Malcom Ferdinand is an environmental engineer from University College London and doctor in political philosophy from Université Paris Diderot. He is now a researcher at the CNRS (IRISSO/University Paris Dauphine). At the crossroad of political philosophy, postcolonial theory and political ecology, his research focuses on the Black Atlantic and particularly the Caribbean. He explores the relations between current ecological crises and the colonial history of modernity. He recently published a book based on his PhD dissertation entitled A Decolonial Ecology: Thinking of Ecology from the Caribbean World.
- "Bridging the divide to face the Plantationocene: The chlordecone contamination and the 2009 social events in Martinique and Guadeloupe." In Neoliberalism in the Caribbean and the French Antillean Uprisings of 2009, edited by Adlaï Murdoch. New Brunswick: Rutgers University Press, 2019.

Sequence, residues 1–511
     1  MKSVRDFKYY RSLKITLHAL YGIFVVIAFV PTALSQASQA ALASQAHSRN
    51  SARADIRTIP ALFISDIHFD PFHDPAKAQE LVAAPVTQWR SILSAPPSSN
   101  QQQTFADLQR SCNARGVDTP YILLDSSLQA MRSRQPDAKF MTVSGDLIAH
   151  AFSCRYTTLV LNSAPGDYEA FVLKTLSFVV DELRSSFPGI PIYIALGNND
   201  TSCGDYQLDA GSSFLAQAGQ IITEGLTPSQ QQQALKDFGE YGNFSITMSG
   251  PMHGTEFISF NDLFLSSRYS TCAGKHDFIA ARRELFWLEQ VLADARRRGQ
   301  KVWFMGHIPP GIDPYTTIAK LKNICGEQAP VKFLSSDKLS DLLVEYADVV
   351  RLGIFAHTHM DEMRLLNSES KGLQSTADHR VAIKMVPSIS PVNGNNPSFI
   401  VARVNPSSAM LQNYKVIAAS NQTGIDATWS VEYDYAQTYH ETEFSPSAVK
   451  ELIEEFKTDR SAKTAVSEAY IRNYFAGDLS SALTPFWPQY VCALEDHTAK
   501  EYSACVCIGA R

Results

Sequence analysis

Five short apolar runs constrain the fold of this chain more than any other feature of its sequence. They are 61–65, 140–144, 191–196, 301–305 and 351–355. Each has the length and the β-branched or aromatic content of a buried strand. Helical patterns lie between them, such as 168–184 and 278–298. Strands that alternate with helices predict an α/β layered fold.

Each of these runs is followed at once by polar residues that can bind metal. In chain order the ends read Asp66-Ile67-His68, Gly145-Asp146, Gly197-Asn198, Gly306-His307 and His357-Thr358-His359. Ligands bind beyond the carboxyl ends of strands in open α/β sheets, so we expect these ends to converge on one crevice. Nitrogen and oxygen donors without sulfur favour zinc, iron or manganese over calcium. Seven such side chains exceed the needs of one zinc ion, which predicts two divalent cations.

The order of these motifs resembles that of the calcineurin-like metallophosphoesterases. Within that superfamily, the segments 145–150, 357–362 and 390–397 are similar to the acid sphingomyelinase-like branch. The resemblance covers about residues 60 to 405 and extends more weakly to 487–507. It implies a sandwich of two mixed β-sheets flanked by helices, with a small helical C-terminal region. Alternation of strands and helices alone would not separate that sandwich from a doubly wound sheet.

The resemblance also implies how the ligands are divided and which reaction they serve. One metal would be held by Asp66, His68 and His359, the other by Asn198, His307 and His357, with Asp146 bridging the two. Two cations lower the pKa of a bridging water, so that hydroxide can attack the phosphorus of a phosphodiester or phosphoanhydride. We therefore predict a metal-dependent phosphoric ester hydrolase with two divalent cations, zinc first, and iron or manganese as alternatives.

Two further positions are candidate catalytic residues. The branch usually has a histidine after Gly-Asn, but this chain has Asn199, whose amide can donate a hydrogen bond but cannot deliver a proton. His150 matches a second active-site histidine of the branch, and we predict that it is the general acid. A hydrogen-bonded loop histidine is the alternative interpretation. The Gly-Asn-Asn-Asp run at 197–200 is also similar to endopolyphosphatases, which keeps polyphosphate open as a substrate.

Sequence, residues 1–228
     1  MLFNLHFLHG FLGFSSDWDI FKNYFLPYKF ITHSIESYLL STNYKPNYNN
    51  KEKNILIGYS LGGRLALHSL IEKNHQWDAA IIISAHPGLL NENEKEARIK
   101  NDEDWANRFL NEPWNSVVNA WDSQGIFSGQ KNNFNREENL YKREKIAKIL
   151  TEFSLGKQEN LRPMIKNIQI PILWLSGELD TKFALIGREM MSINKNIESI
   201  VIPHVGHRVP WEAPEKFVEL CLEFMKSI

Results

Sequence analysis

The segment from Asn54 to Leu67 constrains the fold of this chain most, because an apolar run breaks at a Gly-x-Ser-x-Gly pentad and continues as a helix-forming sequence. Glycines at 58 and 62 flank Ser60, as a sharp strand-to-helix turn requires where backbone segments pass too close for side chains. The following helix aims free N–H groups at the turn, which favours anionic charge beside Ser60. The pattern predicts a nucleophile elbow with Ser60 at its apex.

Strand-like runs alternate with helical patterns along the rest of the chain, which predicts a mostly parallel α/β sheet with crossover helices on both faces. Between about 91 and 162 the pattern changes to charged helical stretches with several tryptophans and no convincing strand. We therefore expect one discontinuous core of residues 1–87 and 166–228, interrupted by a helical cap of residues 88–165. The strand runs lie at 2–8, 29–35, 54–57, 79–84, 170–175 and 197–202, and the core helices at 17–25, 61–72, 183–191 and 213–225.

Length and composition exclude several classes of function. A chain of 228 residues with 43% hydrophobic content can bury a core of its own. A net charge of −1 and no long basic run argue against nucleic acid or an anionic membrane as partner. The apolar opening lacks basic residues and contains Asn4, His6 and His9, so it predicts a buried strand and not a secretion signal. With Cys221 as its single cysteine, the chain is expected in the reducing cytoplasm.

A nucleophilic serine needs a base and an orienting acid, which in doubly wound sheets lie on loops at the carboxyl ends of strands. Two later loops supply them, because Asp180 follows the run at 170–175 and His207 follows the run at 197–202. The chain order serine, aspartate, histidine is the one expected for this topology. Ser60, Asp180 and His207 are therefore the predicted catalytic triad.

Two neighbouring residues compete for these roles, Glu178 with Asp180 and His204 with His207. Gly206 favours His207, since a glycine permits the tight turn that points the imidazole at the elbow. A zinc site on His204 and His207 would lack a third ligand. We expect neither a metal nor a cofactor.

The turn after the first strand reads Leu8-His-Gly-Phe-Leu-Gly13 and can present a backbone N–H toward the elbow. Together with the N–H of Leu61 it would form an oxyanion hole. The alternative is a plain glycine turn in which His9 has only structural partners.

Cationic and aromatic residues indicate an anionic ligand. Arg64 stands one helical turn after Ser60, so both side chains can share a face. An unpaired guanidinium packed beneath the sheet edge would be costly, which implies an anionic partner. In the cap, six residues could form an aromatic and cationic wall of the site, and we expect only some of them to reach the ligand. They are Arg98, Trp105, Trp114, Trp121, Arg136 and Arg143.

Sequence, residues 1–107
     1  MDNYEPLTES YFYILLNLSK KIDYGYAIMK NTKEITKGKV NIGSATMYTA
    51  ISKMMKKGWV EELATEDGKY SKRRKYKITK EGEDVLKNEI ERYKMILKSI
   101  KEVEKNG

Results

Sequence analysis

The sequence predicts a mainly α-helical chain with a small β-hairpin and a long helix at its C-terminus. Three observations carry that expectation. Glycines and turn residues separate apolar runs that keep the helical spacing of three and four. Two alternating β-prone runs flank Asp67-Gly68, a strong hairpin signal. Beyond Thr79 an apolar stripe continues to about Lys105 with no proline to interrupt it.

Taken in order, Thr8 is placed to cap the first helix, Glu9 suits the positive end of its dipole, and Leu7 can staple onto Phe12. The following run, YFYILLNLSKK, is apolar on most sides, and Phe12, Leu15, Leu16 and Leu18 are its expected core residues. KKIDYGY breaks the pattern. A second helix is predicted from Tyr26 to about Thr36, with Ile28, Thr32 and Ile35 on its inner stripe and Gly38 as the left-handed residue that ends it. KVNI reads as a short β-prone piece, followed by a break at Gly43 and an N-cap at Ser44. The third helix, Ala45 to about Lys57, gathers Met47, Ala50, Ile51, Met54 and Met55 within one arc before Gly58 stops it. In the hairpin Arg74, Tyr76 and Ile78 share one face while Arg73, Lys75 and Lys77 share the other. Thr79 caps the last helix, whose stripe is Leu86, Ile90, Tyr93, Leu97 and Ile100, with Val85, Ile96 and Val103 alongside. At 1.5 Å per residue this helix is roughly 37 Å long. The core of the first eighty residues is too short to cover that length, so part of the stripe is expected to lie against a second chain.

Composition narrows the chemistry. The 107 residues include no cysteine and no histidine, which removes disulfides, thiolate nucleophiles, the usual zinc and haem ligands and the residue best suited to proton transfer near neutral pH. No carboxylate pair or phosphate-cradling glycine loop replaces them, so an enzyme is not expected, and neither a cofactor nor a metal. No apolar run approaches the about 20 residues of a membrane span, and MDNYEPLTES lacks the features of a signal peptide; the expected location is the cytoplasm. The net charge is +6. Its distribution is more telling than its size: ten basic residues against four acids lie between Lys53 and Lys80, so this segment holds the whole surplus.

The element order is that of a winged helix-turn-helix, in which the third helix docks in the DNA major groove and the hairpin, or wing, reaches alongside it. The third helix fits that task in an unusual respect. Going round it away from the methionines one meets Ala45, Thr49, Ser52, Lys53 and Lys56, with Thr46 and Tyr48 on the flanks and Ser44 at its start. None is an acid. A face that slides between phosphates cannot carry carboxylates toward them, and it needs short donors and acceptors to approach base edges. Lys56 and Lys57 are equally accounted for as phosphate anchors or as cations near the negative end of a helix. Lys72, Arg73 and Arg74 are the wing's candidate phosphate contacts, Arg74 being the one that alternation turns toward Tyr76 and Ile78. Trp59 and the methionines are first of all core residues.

- Une écologie décoloniale, Penser l'écologie depuis le monde Caribéen. Paris: Éditions du Seuil, 2019.
- "De l'usage du Chlordécone aux Antilles : l'égalité en question." In Environnement et inégalités sociales, edited by F. Augagneur and J. Fagnani. Paris: La documentation française, 2015.
- "Subnational climate justice for the French Outre-mer: postcolonial politics and geography of an epistemic shift." Island Studies Journal 13, no. 1 (2018): 119-134.